Policy Points This article reconceptualizes our understanding of the opioid epidemic and proposes six strategies that address the epidemic's social roots. In order to successfully reduce drug-related mortality over the long term, policymakers and public health leaders should develop partnerships with people who use drugs, incorporate harm reduction interventions, and reverse decades of drug criminalization policies.
Context: Drug overdose is the leading cause of injury-related death in the United States. Synthetic opioids, predominantly illicit fentanyl and its analogs, surpassed prescription opioids and heroin in associated mortality rates in 2016. Unfortunately, interventions fail to fully address the current wave of the opioid epidemic and often omit the voices of people with lived experiences regarding drug use. Every overdose death is a culmination of a long series of policy failures and lost opportunities for harm reduction.
Methods: In this article, we conducted a scoping review of the opioid literature to propose a novel framework designed to foreground social determinants more directly into our understanding of this national emergency. The "continuum of overdose risk" framework is our synthesis of the global evidence base and is grounded in contemporary theories, models, and policies that have been successfully applied both domestically and internationally.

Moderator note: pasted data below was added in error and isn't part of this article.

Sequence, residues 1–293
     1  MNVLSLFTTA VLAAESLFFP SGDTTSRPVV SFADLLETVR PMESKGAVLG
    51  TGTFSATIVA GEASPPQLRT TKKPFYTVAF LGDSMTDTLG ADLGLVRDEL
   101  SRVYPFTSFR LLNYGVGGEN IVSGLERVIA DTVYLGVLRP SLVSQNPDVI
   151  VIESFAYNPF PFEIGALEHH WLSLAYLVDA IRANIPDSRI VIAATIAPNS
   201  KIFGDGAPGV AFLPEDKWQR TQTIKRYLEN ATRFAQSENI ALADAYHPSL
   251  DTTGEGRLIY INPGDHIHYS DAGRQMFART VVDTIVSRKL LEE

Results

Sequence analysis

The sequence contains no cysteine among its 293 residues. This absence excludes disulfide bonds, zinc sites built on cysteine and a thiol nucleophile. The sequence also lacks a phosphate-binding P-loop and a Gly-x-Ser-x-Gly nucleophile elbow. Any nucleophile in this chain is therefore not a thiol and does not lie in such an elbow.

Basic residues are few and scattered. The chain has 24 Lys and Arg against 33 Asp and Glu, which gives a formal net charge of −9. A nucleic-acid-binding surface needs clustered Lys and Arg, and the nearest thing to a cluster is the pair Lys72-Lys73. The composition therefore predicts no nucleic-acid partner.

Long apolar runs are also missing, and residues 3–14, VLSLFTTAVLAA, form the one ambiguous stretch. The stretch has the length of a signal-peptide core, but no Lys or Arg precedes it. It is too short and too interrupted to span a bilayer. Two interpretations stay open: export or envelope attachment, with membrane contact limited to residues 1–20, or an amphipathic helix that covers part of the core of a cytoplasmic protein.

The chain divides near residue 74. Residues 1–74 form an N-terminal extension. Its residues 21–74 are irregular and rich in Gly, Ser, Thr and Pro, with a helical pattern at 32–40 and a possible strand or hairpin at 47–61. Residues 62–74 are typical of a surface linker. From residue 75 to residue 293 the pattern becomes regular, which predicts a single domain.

Findings: De-escalating overdose risk in the long term will require scaling up innovative and comprehensive solutions that have been designed through partnerships with people who use drugs and are rooted in harm reduction.
Conclusions: Without recognizing the full drug-use continuum and the role of social determinants, the current responses to drug overdose will continue to aggravate the problem they are trying to solve.
Keywords: addictive behavior; drug use; opioids; substance use.
© 2020 Milbank Memorial Fund.